IN THE COURT OF APPEAL
1992, No. 163
YU XING HUA LI XI MING LI BI YI 2nd Appellant 3rd Appellant 4th Appellant ________________ 1992, No. 164 ________________ YIN WEI HONG YIN RUI ZHEN 2nd Appellant 3rd Appellant ________________ 1992, No. 173 ________________ YIN CHANG WEI JOHNNY 2nd Appellant ________________
YU XING HUA
LI XI MING
LI BI YI
1992, No. 164
YIN WEI HONG
YIN RUI ZHEN
1992, No. 173
YIN CHANG WEI JOHNNY
Coram: Hon. Litton, Bokhary, JJ.A. and Barnett, J.
Date of hearing: 11 June 1993
Date of decision: 11 June 1993
D E C I S I O N
1. This is an application by the successful respondent to this appeal for an order for costs in his favour. Because of the way the proceedingswere conducted in the court below the real issues were not in fact addressed until the arguments on behalf of the parties were developedin this court. These arguments were presented to some extent as a result of interventions by the court itself.
2. There is no legal right as to costs. The matter is very much in the discretion of the tribunal which hears the matter and is in thebest position to appreciate the full flavour of the proceedings. When the court is minded to award costs then O.62 r.3(3) requiresthe costs to follow the event except when it appears to the court that in the circumstances of the case some other order should bemade.
3. In the course of argument, Ms Hartstein in support of her application for costs referred us to the case of Ritter v. Godfrey (1920) 2 KB p.47 where the trial judge deprived the successful defendant of costs because the judge did not entirely approve of his conduct. Thiswas not a matter which was in issue in the litigation as the case was concerned purely with allegations of negligence; the judgeheld that no case of negligence was proved. I derive no assistance from Ritter v. Godfrey in relation to the proper order that we should make in this court.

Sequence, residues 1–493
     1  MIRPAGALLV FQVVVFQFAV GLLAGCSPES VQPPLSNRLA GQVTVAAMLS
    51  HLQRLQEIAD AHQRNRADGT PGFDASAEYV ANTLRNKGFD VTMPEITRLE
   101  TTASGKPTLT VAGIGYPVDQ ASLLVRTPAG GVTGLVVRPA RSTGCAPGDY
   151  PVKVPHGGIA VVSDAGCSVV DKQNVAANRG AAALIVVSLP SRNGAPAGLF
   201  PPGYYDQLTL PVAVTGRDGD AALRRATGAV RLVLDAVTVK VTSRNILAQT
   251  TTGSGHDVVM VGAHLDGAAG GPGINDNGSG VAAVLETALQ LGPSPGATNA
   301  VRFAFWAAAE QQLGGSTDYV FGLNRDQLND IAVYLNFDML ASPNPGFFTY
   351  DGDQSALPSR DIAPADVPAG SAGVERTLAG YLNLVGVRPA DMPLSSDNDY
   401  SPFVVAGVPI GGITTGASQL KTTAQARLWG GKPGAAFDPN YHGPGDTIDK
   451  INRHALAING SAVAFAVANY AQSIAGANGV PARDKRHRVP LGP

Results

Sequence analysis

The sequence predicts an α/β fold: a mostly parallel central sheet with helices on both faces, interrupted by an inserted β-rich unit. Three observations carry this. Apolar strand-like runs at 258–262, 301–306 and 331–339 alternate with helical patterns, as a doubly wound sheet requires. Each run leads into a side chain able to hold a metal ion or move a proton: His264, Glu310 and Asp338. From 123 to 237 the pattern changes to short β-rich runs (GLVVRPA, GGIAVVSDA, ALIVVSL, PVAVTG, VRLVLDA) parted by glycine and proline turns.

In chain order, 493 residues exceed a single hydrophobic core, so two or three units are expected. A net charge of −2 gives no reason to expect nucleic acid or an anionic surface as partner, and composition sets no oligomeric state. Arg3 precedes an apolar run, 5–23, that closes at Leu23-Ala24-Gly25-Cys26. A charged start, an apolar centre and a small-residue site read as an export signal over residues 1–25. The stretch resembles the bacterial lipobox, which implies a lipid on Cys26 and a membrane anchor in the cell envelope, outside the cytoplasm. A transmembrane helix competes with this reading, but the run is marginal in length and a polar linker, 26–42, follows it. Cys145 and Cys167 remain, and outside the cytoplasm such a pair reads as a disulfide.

4. Having regard to the way the proceedings were conducted as a whole in my judgment the proper order would be to leave each party topay his own costs and this application for cost of the appeal should therefore be dismissed.
5. Mr. McCoy on behalf of the respondent in Civil Appeal No. 173 of 1993 asks us to make an order that his client should be awardedthe costs against the Director of Immigration in the proceedings in the court below. This is a bold application. The fact is thathis client lost in the proceedings in the court below; the court exercised its discretion to award costs and following the provisionsof 0.63 r.3 gave the costs to the successful party. I can see no circumstance in the case which suggests that the court should havemade some other order and I can detect no error on the part of Mayo J in that regard. The application therefore on behalf of Mr.McCoy’s client should also be dismissed.
6. Mr. Tam associated himself in every respect with Mr. McCoy on behalf of his clients in CA No. 163 and No. 164. It must follow thatthe same orders should be made in relation to those two appeals.
7. I agree. The Director never ordered removal. Faced with the contention that he did so and did so wrongly, what did he do? He soughtto defend removal. In all the circumstances, I entirely agree with the orders proposed by my Lord.
8. I too agree with what has been said by my Lord the President. There is nothing I can usefully add.
Mr. Philip T.S. Tam (M/S George Y.C. Mok & Co.) for Appellants in Civil Appeal No. 163 & 164 of 1992
Mr. G.J.X. McCoy (M/S Charles Yeung & Clement Lam & Co.) for Appellants in Civil Appeal No. 173 of 1992
Ms. V. Hartstein (Crown Solicitor) for Respondent